Premal's talk reached my ears just as I was starting a pretty incredible freelance job writing luxury travel reviews for a major magazine's website, a gig that evolved into an around-the-world trip where I got paid to stay in and write about phenomenally swank hotels on four continents. Unfortunately, in the developing world many of these are constructed and serviced by some of the world's poorest people. The contrast is so stark in a few places that I have no idea how business travelers manage to look away, although I guess most do. I just couldn't. So I wanted to invest and share my windfall in a way that would (a) be ongoing and accountable, (b) address poverty at the root from the bottom up in the countries where a lot of the migrant laborers came from, and (c) be scalable and repeatable if successful. Premal's talk had never really left me, and Kiva was a perfect fit.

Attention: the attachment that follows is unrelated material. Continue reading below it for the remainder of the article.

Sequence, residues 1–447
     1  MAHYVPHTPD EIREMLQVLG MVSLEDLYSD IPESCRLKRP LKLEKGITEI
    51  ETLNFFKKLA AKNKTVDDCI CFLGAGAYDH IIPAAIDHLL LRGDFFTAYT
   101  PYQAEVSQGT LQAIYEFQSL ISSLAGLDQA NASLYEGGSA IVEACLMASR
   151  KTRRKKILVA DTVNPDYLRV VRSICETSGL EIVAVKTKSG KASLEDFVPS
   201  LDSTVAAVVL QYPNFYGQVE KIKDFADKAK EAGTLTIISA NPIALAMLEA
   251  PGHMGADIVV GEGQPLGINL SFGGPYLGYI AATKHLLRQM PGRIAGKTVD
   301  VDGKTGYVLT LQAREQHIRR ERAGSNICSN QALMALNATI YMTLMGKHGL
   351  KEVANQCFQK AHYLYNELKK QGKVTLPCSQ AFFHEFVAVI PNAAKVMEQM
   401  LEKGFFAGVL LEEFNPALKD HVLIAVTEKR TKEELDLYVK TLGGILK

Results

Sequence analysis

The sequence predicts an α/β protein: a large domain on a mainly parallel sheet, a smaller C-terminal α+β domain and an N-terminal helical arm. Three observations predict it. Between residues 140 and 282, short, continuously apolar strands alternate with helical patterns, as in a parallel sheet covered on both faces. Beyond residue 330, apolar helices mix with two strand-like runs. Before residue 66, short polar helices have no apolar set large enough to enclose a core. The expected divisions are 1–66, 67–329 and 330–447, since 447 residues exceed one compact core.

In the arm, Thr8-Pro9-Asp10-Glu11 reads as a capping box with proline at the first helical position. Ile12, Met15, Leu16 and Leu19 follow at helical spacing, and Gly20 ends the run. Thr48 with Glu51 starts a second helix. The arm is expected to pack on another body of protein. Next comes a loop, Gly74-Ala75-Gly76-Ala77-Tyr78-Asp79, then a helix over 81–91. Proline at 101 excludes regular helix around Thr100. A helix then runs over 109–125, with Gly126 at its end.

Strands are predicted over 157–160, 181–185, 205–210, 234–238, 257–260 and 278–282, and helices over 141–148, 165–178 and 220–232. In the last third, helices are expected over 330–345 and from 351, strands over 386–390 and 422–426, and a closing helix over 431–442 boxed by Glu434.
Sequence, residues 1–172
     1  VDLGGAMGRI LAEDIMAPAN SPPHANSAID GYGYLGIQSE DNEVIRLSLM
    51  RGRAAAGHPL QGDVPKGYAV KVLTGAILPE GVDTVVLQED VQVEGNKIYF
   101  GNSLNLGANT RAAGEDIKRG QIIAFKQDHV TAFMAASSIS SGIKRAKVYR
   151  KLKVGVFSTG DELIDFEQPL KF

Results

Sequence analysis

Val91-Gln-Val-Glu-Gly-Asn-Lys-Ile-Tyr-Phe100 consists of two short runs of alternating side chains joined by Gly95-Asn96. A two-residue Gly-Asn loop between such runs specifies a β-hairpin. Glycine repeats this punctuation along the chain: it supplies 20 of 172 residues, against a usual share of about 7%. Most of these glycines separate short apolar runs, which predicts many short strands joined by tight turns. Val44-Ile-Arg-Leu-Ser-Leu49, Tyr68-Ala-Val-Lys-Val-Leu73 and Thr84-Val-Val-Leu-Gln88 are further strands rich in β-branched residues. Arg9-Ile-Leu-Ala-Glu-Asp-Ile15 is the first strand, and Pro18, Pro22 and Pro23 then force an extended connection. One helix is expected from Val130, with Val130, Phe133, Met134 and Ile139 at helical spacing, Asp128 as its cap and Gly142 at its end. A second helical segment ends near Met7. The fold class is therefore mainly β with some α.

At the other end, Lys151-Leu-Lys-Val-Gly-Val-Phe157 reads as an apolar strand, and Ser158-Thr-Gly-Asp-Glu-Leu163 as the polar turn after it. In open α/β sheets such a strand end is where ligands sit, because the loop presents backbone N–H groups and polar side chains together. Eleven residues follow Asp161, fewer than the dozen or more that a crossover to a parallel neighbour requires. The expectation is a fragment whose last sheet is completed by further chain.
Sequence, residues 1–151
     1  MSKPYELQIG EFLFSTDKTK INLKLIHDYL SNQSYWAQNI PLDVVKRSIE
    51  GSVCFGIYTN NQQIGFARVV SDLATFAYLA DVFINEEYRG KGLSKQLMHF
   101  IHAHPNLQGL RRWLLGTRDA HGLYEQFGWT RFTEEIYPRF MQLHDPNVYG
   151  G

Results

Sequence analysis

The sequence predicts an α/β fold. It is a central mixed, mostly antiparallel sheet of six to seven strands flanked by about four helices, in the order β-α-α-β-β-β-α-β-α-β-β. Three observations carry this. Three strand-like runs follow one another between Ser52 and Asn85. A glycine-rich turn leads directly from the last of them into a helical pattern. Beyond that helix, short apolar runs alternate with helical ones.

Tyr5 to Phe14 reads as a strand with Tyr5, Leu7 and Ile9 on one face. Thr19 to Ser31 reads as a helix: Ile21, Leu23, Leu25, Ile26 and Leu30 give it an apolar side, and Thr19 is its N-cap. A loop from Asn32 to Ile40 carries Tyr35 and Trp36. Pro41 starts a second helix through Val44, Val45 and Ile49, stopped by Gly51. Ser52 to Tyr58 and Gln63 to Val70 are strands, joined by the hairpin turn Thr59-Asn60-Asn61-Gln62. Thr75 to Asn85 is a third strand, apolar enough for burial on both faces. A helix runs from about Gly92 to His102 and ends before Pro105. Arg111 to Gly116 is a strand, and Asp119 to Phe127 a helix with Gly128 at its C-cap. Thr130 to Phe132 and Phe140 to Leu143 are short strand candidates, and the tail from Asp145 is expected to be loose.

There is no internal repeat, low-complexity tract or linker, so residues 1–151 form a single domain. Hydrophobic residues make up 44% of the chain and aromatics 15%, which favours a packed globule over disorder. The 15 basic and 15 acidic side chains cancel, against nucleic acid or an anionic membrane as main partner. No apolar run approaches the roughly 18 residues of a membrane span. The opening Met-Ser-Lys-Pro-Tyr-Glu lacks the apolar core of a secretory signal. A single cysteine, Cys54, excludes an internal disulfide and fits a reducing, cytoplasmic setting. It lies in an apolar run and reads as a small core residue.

Since Jenn was present when I first heard Premal talk, in a real sense, she was sort of the first member of FoBH. And I guess in late June, Jenn looks at the calendar, does a little math, and sees a neat and reachable goal in time for my birthday on Oct 15th. (I turn 48, a number which can't possibly be in base ten, but there it is.) She shares it with the team, everybody says "whee!" because that's always the vibe at FoBH, and I hereby give Jenn a big hug and bigger thanks for the thought.
Honestly, though — and taking nothing away from Jenn's kindness here, nor how grateful and flattered I am at the general enthusiasm for my birthday — the team is so generous that I think the million-dollar mark would fall soon in any case.